CC Issue 09 / Theology / Faith

Identity beyond Race

 

 

 

 

 

Well, I’m back in school, and somehow, I’ve ended up with three completely separate academic projects that deal with “Race”. Needless to say it has been on my mind, and since I’m not capable of multitasking, it will be on the Checkerboard too.

Race is both a loaded term and one that feels very natural. Many of us can check the box(es) on the census without too much fuss (though interestingly,  the “race/ethnicity” categories on each edition change). So why do some people argue that race doesn’t exist? If they’re right, what are we supposed to do with the lived realities of it? And what could God’s heart be in this? I promise no answers, just a quick exploration if you’re up for it, starting with some history…

In the 1800’s, the term “race” came into fashion as the concept of the “nation” rose in Europe. As political-states consolidated their colonial rights and their national identity, they found classifying people into races pretty useful. Of course, “race” wasn’t a new idea. As far back in written history as you can go, there was “difference” whenever one group encountered another, but now these differences were being used more insidiously. The emerging scientific method was being applied to more than just the stripes and shapes of beetle varieties. Human beings were placed into “sub-species”, based on shape, color, location, and then scientifically “correlated” with intellect, temperament, capacity, etc. Categories like Caucasoid, Mongoloid, and Negroid became more than an articulated difference; they became a way of determining relative worth.

Today, genetic scientists and social theorists categorically deny the existence of race. For example, genetically, there is tiny variation between one human and the next, which doesn’t justify classifying us into more specific categories. On the grounds that belief in Race has created incredible trauma and violence, some theorists want to banish the term altogether.

But there’s this “lived reality” to race that you can’t simply remove. Even if somehow we eradicated the word, it wouldn’t revolutionize how we interact with each other.  “Race” is scanning the world and making categories for same-same or different in whatever ways we can. Sometimes that’s done based on the inescapable skin-deep differences, but sometimes lines of difference are drawn because of dialect, beliefs, cultural norms, or slight physical traits like the heights of foreheads. Finding commonality is deeply linked to our desire to know where we come from and who we belong to.

There’s a destabilizing effect, then, to moving “beyond” race, because it removes the constancy of our roots. It questions the very purpose of our appearance and the likeness we have with others. It’s a healthy probing though because without destabilizing a notion like “race” we risk constantly assuming categories on one another.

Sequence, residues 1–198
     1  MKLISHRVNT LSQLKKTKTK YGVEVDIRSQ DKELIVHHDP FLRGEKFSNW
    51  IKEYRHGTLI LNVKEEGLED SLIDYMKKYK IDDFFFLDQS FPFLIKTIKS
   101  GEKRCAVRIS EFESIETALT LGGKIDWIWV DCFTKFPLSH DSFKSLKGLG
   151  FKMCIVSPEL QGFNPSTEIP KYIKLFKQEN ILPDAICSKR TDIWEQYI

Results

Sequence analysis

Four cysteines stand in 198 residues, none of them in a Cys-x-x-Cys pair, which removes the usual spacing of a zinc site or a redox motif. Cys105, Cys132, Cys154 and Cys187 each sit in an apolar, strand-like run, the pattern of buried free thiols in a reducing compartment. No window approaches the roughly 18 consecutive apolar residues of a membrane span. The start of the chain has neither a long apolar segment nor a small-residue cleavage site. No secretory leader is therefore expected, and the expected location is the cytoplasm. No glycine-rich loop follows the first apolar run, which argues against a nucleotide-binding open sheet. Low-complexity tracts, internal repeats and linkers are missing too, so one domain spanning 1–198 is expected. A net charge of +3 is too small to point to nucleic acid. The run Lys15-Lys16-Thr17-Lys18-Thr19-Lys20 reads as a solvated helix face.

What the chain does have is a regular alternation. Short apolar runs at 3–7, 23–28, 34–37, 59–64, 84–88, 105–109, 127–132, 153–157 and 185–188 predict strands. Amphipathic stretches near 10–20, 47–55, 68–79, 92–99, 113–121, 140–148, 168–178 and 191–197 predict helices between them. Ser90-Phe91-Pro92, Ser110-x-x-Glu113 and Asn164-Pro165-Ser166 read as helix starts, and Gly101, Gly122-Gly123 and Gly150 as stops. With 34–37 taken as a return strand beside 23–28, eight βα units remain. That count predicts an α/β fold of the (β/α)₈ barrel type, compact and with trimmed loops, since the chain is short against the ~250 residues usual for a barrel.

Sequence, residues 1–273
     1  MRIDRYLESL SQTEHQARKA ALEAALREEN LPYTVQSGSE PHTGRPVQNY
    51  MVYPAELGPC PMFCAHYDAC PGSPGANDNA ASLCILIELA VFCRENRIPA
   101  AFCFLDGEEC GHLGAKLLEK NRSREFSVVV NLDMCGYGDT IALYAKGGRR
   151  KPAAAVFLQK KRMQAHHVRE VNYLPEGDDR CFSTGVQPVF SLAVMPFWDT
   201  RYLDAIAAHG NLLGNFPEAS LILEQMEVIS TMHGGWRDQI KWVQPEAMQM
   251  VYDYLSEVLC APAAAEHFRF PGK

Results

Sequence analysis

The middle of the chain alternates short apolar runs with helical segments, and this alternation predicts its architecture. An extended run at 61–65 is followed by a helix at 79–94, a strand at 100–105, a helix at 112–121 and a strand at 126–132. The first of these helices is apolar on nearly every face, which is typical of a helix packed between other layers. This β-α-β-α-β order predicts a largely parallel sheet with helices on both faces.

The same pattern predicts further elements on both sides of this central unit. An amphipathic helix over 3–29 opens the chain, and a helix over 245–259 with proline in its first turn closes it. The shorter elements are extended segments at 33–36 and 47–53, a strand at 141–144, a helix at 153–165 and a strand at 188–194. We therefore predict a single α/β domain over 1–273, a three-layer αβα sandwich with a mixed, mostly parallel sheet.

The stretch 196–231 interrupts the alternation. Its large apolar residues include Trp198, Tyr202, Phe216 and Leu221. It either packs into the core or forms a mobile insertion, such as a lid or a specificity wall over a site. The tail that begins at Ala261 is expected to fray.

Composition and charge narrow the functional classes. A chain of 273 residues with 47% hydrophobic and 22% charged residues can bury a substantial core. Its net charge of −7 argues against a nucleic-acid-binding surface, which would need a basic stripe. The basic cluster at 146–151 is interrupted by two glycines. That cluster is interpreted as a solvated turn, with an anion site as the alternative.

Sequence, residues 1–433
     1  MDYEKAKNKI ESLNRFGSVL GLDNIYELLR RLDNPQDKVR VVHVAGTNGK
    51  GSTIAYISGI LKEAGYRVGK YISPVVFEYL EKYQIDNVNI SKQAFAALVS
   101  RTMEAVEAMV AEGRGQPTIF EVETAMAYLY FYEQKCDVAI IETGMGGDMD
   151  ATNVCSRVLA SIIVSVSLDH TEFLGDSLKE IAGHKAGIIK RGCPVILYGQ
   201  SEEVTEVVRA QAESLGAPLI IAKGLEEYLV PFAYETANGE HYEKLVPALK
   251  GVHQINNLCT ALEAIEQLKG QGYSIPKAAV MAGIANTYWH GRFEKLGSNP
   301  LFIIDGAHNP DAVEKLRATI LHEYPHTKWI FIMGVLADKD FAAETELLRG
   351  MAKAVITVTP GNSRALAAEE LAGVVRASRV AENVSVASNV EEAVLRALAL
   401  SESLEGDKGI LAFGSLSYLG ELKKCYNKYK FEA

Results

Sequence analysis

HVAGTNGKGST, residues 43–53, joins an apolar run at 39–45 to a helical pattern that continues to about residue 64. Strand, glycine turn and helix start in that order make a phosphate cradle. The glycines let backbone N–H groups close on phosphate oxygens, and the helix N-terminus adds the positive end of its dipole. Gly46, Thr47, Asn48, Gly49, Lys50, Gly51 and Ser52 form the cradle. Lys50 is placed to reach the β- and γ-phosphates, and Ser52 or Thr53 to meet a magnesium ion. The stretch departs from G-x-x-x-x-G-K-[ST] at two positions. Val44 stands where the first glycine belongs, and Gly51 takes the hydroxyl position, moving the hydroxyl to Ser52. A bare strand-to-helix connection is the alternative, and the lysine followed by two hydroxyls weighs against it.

Which brings me to John 1. A few nights ago, while vaguely thinking about these ideas, I was surprised when I read this part of the Gospels that seriously undermines “race”:

“Yet all who received him, to those who believed in his name, he gave the right to become children of God — children born not of natural descent, nor of human decision or a husband’s will, but born of God” (John 1:12)

It’s shocking since the legacy of Abraham *is* descent. The Old Testament illustrates how a hereditary legacy can become entangled with a pretty modern notion of race determining what you are worth. Instead of each generation figuring out its identity in relation to God, the history of the Israelites shows many times where they passively assume it or ignore it. Instead of engaging in the language, culture, traditions, and faith they are born into, they become complacent in their inheritance as children of God.

In the Book of Hosea, there is this radical allegory where God wants to demonstrate His relationship at that point with Israel by asking Hosea to name of his first son Lo-Ammi, not my people. In this, and in John, I see God’s deep desire for family and the importance of ancestors and descendants. These relationships are the basis for teaching values and learning important lessons. But He also doesn’t rely on these “blood-lines” to determine holiness.

Through the great mediation of Jesus, we see in John that “natural descent” is made absolutely irrelevant. For me, this doesn’t exactly change our cultural problem with race, but what it shows me is “He got there first”! Once again, while we struggle with fitting together these fragments of identity, we see that He already has a much more transcendent wholeness in mind.

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